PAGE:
Creating Custom Binding Templates

Another way you can customize bindings is to create a binding template. A template is simply a binding that is already partially or completely configured. You can specify this template anywhere in your app and then use it instead of designating your own custom bindings. This is a bit faster on app startup but it is mostly useful in making your code less verbose.

For example, let's say you will be frequently creating one way, not empty bindings that allow values greater than 10 throughout your app. You could create a binding template in your core.js like this:

MyApp.LimitBinding = SC.Binding.oneWay().notEmpty().notLessThan(10);

Then anywhere you want to use this binding, just refer to the template like so:

valueBinding: MyApp.LimitBinding.beget("MyApp.someController.value")

Note that when you use binding templates, it is very important that you always start by using beget() to extend the template. If you do not do this, you will end up using the same binding instance throughout your app which will lead to erratic behavior.

How to Manually Activate a Binding

All of the examples above show you how to configure a custom binding, but the result of these customizations will be a binding template, not a fully active binding. The binding will actually become active only when you instantiate the object the binding belongs to. It is useful however, to understand what actually happens when the binding is activated. (Of course you should always use the highest-level APIs available, even if you understand how it works underneath; unless you have specific needs, you should rely on the convenience fooBinding format.)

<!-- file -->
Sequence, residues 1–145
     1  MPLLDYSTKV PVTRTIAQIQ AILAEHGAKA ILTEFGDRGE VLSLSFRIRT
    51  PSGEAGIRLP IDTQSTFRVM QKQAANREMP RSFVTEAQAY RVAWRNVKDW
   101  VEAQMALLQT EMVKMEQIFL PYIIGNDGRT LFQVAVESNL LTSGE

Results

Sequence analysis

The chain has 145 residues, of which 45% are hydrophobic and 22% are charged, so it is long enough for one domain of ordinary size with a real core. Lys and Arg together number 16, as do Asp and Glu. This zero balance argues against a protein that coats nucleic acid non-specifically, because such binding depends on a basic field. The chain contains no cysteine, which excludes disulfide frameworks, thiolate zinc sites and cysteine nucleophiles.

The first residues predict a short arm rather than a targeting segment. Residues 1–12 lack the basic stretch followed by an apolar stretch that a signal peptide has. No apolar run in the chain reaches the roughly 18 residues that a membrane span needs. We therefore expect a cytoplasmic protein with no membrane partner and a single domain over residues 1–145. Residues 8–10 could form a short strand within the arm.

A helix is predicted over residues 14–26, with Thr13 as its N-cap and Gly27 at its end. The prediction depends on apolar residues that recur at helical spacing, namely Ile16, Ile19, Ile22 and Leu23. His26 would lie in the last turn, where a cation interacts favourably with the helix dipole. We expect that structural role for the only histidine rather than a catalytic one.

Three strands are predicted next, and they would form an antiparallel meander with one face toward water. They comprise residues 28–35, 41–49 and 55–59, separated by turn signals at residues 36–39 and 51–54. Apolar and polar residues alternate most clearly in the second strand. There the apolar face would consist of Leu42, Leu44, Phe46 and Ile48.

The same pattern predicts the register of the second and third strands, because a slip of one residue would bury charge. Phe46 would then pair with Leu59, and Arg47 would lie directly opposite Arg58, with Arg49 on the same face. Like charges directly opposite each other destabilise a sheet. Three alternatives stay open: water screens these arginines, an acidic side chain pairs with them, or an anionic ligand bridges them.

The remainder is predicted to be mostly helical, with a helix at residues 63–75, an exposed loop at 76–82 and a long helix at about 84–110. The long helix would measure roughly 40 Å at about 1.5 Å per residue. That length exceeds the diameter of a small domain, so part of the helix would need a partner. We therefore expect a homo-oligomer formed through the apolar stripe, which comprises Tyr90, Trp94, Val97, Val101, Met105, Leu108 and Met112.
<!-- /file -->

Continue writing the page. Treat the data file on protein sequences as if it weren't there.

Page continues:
For a binding to function it must have at least a "from" property and a "to" property. The from property path points to the object/key that you want to bind from while the to path points to the object/key you want to bind to.

When you define a custom binding, you are usually describing the property you want to bind from (such as "MyApp.someController.value" in the examples above). When your object is created, it will automatically assign the value you want to bind "to" based on the name of your binding key. In the examples above, during init, SproutCore objects will effectively call something like this on your binding:

binding = this.valueBinding.beget().to("value", this);